A dengue fever outbreak has gripped one of Australia's offshore processing centres in Nauru, raising serious questions about the welfare of asylum seekers on the island.
The mosquito borne disease has affected two asylum seekers and one site worker, the immigration department confirmed on Wednesday night.
"All three people have been isolated and are receiving appropriate treatment and are expected to make a full recovery," a spokeswoman for Immigration Minister Scott Morrison said.
No pregnant women have been affected, and there is a "comprehensive mosquito control program" on the island, the spokeswoman said.
But the outbreak in the centre, which houses 1166 asylum seekers, has caused the Greens to renew their call for the restoration of an independent health advisory panel for offshore detention centres that was axed in December.
“The Australian government is forcing children and babies to live in the midst of a dengue fever outbreak,” Greens immigration spokeswoman Senator Sarah Hanson-Young said.
“An independent panel of experts to oversee the medical and psychological health of refugees in these camps is an absolute necessity.
“Children should never have been locked up in these conditions and, with no independent medical access, the risk to their physical and mental health is extremely serious.''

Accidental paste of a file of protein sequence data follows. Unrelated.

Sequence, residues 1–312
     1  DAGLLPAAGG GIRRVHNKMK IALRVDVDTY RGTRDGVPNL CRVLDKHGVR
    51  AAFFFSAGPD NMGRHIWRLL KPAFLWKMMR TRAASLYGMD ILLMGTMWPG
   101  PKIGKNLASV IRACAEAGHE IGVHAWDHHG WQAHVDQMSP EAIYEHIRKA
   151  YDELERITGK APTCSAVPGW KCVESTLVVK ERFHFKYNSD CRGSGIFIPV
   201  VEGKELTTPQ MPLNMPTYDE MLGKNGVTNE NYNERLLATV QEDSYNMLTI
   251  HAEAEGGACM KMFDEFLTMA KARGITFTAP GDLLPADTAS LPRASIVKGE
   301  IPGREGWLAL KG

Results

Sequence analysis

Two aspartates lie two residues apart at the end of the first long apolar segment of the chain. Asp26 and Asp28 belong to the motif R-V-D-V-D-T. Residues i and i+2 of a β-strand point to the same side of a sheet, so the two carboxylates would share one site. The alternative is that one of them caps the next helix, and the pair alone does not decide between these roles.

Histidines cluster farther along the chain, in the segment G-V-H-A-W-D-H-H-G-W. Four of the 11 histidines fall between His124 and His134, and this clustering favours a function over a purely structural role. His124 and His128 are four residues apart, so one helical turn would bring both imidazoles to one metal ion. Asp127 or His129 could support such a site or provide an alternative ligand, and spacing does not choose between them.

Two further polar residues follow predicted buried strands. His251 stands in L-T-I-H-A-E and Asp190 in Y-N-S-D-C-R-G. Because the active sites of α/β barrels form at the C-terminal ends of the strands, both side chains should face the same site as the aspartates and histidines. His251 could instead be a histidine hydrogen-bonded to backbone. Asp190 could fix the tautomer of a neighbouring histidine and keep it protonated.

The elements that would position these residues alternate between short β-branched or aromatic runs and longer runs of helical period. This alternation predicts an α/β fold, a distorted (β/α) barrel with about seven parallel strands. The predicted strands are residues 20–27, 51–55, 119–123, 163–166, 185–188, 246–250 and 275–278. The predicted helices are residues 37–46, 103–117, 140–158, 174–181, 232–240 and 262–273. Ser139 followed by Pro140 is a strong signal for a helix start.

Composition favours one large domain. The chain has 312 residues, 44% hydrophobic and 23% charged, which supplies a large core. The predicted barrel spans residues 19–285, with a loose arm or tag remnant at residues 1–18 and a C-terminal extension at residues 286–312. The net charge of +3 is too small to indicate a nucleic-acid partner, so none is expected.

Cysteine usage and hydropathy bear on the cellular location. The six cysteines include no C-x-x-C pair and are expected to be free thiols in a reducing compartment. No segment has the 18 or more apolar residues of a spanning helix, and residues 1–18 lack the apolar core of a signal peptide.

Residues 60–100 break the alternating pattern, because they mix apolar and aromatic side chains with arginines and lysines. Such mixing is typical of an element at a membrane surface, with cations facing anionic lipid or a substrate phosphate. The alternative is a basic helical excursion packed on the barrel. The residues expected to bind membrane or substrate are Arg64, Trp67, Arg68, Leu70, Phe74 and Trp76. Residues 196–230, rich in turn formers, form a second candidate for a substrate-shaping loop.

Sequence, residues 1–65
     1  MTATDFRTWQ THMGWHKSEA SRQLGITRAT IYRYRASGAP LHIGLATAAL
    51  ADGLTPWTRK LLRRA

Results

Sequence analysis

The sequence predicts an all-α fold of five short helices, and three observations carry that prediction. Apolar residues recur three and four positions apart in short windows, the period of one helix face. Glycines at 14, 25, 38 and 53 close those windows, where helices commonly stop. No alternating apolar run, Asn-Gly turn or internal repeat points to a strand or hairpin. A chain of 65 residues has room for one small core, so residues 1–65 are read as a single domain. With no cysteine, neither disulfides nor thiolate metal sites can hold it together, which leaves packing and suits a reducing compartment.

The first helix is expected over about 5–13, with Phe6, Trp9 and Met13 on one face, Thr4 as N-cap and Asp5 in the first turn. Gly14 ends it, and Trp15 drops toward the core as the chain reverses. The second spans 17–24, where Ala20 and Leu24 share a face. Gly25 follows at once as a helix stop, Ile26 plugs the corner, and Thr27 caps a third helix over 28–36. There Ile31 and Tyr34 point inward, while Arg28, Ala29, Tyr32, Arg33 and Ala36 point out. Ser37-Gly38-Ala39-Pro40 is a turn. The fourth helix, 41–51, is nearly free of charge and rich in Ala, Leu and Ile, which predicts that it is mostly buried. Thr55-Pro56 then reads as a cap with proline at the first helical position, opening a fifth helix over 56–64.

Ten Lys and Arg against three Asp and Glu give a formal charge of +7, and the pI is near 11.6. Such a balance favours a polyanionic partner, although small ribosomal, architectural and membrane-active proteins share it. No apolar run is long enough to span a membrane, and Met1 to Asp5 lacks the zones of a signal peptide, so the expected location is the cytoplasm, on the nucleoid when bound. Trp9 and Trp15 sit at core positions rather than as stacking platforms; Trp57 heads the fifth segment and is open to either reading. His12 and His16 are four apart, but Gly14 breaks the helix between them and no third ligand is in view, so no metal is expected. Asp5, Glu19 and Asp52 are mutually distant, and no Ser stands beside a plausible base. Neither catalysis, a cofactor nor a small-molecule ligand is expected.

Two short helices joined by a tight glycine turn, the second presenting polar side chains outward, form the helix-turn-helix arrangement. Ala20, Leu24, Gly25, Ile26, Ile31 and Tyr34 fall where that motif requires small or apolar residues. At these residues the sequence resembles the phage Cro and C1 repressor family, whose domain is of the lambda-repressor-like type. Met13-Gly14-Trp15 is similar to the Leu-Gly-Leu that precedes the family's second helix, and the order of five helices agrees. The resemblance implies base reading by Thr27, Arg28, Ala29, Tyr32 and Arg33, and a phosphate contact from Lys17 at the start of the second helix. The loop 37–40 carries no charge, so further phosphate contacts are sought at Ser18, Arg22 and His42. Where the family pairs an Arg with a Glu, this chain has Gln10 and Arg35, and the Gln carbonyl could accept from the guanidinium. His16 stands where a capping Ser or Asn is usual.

Dr Louise Newman, the former chair of the Independent Immigration Health Advisory Group, said the latest outbreak was "gravely concerning" for women and children on the island.
"This is not a suitable environment for women and children to be transferred to Nauru, they would rather die than face having to care for their child there," she said.
Dr Newman said the government needed independent expert advice to help the provider and the department to manage the health of those in remote housing conditions.
Asylum seekers, including children, continue to be moved from Christmas Island to Nauru.
The story Dengue fever outbreak hits Nauru sparking calls for restoration of health advisory panel first appeared on The Sydney Morning Herald.